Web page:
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Genetic consequence of restricted habitat and population decline in endangered Isoetes sinensis (Isoetaceae)
- Kang, M., Ye, Q., Huang, H.
- Annals of botany 2005 v.96 no.7 pp. 1265-1274
- wetlands, endangered species, amplified fragment length polymorphism, geographical variation, population structure, genetic distance, Isoetes, nucleotide sequences, genetic variation, plant ecology, germplasm conservation, habitats, aquatic plants, genetic markers, China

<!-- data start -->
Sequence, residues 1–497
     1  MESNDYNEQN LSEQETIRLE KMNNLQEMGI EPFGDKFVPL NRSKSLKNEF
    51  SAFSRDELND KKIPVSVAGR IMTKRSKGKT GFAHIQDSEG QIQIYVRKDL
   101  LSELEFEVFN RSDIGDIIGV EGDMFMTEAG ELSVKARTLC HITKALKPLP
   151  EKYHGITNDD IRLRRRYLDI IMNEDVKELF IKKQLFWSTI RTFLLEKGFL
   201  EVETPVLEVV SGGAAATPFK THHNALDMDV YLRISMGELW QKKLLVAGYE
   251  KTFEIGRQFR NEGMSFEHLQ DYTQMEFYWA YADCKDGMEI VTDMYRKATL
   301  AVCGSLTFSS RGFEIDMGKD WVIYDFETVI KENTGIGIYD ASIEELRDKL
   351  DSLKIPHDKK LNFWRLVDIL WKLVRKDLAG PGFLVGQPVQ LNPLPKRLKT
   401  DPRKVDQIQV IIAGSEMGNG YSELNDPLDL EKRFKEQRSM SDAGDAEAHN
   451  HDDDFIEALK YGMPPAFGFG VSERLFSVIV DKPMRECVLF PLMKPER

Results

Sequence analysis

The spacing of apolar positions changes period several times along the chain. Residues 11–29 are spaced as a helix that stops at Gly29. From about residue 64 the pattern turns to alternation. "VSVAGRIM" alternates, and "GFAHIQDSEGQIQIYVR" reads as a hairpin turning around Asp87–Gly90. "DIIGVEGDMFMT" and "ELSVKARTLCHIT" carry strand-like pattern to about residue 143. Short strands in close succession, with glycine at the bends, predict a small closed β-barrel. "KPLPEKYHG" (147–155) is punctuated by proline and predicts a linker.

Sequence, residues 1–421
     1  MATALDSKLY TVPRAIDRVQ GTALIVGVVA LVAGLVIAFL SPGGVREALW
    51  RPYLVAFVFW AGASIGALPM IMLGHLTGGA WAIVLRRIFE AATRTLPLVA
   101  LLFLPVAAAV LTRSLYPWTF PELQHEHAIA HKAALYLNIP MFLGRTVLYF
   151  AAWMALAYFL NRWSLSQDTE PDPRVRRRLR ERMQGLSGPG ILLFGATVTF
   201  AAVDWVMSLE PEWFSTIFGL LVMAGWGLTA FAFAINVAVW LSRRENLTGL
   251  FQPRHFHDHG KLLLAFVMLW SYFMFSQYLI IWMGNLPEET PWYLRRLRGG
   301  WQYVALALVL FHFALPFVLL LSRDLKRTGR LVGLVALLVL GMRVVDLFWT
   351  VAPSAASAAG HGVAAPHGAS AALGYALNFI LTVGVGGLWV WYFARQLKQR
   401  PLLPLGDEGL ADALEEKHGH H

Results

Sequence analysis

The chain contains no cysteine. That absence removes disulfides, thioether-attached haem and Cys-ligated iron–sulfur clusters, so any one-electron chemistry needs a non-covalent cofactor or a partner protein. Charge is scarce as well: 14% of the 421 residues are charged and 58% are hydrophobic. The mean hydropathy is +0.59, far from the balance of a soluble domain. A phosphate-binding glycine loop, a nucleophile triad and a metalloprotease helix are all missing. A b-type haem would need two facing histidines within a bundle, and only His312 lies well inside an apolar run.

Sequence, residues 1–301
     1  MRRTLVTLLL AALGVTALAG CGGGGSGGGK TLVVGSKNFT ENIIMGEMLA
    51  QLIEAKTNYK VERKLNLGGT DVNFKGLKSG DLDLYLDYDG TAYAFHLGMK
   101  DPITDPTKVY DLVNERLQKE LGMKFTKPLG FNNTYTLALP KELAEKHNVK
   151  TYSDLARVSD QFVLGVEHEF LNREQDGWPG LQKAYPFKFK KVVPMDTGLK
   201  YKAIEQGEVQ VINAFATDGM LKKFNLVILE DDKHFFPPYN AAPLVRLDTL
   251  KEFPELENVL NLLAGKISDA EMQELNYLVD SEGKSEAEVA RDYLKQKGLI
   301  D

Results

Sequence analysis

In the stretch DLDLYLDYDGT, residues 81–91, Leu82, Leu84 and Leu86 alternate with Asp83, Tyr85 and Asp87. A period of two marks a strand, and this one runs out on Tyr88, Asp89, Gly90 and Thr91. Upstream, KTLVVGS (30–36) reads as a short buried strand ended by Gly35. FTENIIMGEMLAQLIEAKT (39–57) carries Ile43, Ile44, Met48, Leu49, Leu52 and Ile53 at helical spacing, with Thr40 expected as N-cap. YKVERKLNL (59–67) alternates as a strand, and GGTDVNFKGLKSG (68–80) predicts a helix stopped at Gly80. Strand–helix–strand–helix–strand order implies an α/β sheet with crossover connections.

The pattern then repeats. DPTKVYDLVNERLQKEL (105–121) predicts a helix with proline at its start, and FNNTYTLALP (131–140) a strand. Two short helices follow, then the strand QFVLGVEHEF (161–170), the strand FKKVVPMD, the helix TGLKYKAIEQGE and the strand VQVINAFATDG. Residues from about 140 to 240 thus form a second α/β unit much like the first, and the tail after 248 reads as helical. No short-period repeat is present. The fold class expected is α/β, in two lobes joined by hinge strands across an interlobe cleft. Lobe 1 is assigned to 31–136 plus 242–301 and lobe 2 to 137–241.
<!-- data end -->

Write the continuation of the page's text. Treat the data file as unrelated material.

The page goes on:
- BACKGROUND AND AIMS: Isoetes sinensis (Isoeteaceae) is a critically endangered aquatic quillwort in eastern China. Rapid decline of extant population size and local population extinction have occurred in recent years and have raised great concerns among conservationists. METHODS: Amplified fragment length polymorphisms (AFLPs) were used to investigate the genetic variation and population structure of seven extant populations of the species. KEY RESULTS: Eight primer combinations produced a total of 343 unambiguous bands of which 210 (61·2 %) were polymorphic. Isoetes sinensis exhibited a high level of intra-population genetic diversity (H[subscript E] = 0·118; hs = 0·147; I = 0·192; P = 35·2 %). The genetic variation within each of the populations was not positively correlated with their size, suggesting recent population decline, which is well in accordance with field data of demographic surveys. Moreover, a high degree of genetic differentiation (F[subscript ST] = 0·535; G[subscript ST] = 0·608; theta[superscript B] = 0·607) was detected among populations and no correlation was found between geographical and genetic distance, suggesting that populations were in disequilibrium of migration-drift. Genetic drift played a more important role than gene flow in the current population genetic structure of I. sinensis because migration of I. sinensis is predominantly water-mediated and habitat range was highly influenced by environment changes. CONCLUSIONS: Genetic information obtained in the present study provides useful baseline data for formulating conservation strategies. Conservation management, including both reinforcement for in situ populations and ex situ conservation programmes should be carefully designed to avoid the potential risk of outbreeding depression by admixture of individuals from different regions. However, translocation within the same regional population should be considered as a measure of genetic enhancement to rehabilitate local populations. An ex situ conservation strategy for conserving all extant populations to maximize genomic representation of the species is also recommended.